Feb. 3, 2005 • Volume 13 Number 10


Panel on Fr. O'Malley's Four Cultures today

Four Cultures of the West, the new book by Weston Jesuit School of Theology church historian John O'Malley, SJ, will be the subject of a roundtable discussion today at 5 p.m. in Gasson 305.

In his book, Fr. O'Malley - a former Gasson Professor who co-organized a major conference on Jesuit cultural history at Boston College in 1997 - describes four "cultures" he says are deeply embedded in Western history: prophetic culture that proclaims the need for radical change in the structures of society; the academic culture that seeks instead to understand those structures; the humanistic culture that addresses fundamental human issues and works for the common good of society; and the culture of art and performance.

These cultures originated in the ancient world, took on Christian forms, and manifest themselves today in more secular ways, according to Fr. O'Malley, playing an instrumental role in politics, religion, education and the arts.

Participants in the discussion are: Prof. Larry Wolff (History), Assoc. Prof. Franco Mormando (Romance Languages), Gasson Professor James Keenan, SJ, New York University Associate Professor of Fine Arts Louise Rice and Robert Dilenschneider, CEO of the Dilenschnieder Group of New York City.

For more information, call ext.2-6346 or e-mail

Workshop on professional skills and ethics

The University's Responsible Conduct of Research program will sponsor a workshop on Monday, Feb. 7, to help graduate students and post-doctoral students in developing professional skills and ethical awareness.

The workshop, which combines plenary presentations with small group discussions, will take place from 5-9 p.m. in the Boston, Heights and Newton rooms of Corcoran Commons.

For more information, contact Karen Muskavitch at

"Should Catholics Convert Jews?" discussion takes place Feb. 9

A panel of Boston College theologians will discuss the question "Should Catholics Seek to Convert Jews (If Jews Are in True Covenant with God?)" on Wednesday, Feb. 9, at 4:30 p.m. in Gasson 305.

Theology Associate Professor and department chairman Rev. Kenneth Himes, OFM, will serve as moderator for the discussion, which will focus on the response - both favorable and critical - to a 2002 document released by the US Bishops' Committee on Ecumenical and Interreligious Affairs and the National Council of Synagogues that said campaigns to convert Jews to Christianity "are no longer theologically acceptable in the Catholic Church."

Panelists will be Theology faculty Prof. Fr. Michael Himes and Assoc. Prof. Frederick Lawrence and Philip Cunningham, executive director of the Center for Christian-Jewish Learning, which is co-sponsoring the event with the Theology Department.

More information is available at the center's Web site,

Alumni Association to sponsor talk on spirituality and mental illness

Psychologist Nancy Kehoe, RSCJ, PhD'74, an instructor in the Department of Psychiatry at the Cambridge Health Alliance, will present the lecture "Spirituality and Serious Mental Illness: Stories of Resilience" on Thursday, Feb. 10, at 7 p.m. in Alumni House on Newton Campus.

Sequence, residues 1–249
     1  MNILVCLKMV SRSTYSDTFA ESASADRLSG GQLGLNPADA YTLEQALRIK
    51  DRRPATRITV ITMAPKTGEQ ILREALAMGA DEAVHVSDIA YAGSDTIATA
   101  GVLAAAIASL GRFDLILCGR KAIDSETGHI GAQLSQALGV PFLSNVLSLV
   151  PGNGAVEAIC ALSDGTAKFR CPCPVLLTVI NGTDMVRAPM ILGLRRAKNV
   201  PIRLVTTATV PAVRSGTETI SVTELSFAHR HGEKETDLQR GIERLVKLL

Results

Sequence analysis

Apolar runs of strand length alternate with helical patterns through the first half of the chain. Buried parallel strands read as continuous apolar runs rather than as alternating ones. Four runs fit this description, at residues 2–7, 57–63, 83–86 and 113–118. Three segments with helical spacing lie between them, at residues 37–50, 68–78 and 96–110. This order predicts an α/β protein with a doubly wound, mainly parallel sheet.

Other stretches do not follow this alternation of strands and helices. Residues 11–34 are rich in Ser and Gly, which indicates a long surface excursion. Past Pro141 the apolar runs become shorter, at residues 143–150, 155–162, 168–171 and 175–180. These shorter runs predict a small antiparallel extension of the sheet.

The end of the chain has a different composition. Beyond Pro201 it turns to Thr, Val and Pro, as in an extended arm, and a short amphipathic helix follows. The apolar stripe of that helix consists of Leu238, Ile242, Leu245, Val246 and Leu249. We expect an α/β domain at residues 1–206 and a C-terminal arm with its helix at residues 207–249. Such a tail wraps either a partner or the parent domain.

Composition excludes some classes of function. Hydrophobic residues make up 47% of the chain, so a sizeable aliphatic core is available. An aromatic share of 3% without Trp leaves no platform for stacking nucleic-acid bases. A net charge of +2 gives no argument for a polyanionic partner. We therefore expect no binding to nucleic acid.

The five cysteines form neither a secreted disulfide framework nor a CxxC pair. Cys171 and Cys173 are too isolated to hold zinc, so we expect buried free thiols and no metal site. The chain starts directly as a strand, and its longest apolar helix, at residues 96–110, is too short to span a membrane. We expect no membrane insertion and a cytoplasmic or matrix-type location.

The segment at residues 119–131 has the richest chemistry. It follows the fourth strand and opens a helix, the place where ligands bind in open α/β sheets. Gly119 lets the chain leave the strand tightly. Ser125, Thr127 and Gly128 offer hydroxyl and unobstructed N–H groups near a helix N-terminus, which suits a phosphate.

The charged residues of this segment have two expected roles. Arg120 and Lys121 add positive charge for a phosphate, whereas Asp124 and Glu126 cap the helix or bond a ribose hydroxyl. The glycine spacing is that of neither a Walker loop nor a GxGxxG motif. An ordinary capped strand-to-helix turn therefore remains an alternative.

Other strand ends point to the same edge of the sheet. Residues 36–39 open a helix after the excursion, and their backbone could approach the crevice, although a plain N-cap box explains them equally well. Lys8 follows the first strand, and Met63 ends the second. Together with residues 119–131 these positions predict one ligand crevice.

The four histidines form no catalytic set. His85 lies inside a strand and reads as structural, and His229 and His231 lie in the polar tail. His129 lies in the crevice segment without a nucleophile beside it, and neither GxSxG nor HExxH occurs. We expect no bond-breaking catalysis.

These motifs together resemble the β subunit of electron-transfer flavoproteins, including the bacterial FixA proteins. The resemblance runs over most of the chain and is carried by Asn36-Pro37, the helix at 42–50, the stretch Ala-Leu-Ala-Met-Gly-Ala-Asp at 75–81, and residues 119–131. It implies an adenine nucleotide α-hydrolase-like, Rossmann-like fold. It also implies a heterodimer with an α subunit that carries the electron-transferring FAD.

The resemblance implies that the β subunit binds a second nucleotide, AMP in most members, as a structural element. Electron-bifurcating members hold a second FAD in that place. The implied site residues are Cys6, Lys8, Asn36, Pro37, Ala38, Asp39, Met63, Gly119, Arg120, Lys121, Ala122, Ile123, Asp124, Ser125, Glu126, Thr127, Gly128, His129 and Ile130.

Sister Kehoe is considered a pioneer in the growing effort to incorporate spiritual beliefs and values in treating the mentally ill. She has led spiritual beliefs and values groups with patients in day treatment programs and developed a comprehensive Religious History Assessment tool which she includes in her training programs for staff in mental health, geriatric and medical settings.

Her talk is sponsored by the Alumni Association's Spiritual Life Committee. For more information, call ext.2-1171.

Lenten Mass Series at St. Mary's

Lenten Masses will be celebrated in St. Mary's Chapel on the Sundays of Lent, beginning Feb. 13. All Masses will begin at 4 p.m.

Communication lecture to focus on TV news depiction of feminism

The Communication Department will sponsor a lecture, "Framing Feminism: Early Television News Coverage of the Women's Liberation Movement," on Feb. 9 by Bonnie Dow, an associate professor and graduate coordinator in the Speech Communication Department at the University of Georgia.

Dow's talk, the first in a series of special events planned for this semester by the department, will take place at 6:30 p.m. in Devlin 008.

An affiliate faculty member of the Institute for Women's Studies, Dow's research interests center on the study of the rhetoric of the first and second waves of feminism in the US and feminist criticism of mass media. She is the author of Prime-Time Feminism: Television, Media Culture, And The Women's Movement Since 1970, and was co-editor for Women's Studies In Communication (1998-2001) and Critical Studies In Media Communication (2001-2004).

For further information, call ext.2-4280.

Tet celebration Feb. 9

The BC Vietnamese Students' Association will hold a celebration on Feb. 9 in honor of Tet, the Lunar New Year, which marks the beginning of spring and is the most popular and single-most celebrated holiday in many Asian cultures, particularly within the Vietnamese and Chinese communities. The event, which includes dance and music performances, will take place from 7-10 p.m. in Gasson 100. For more information, see the VSA Web site at

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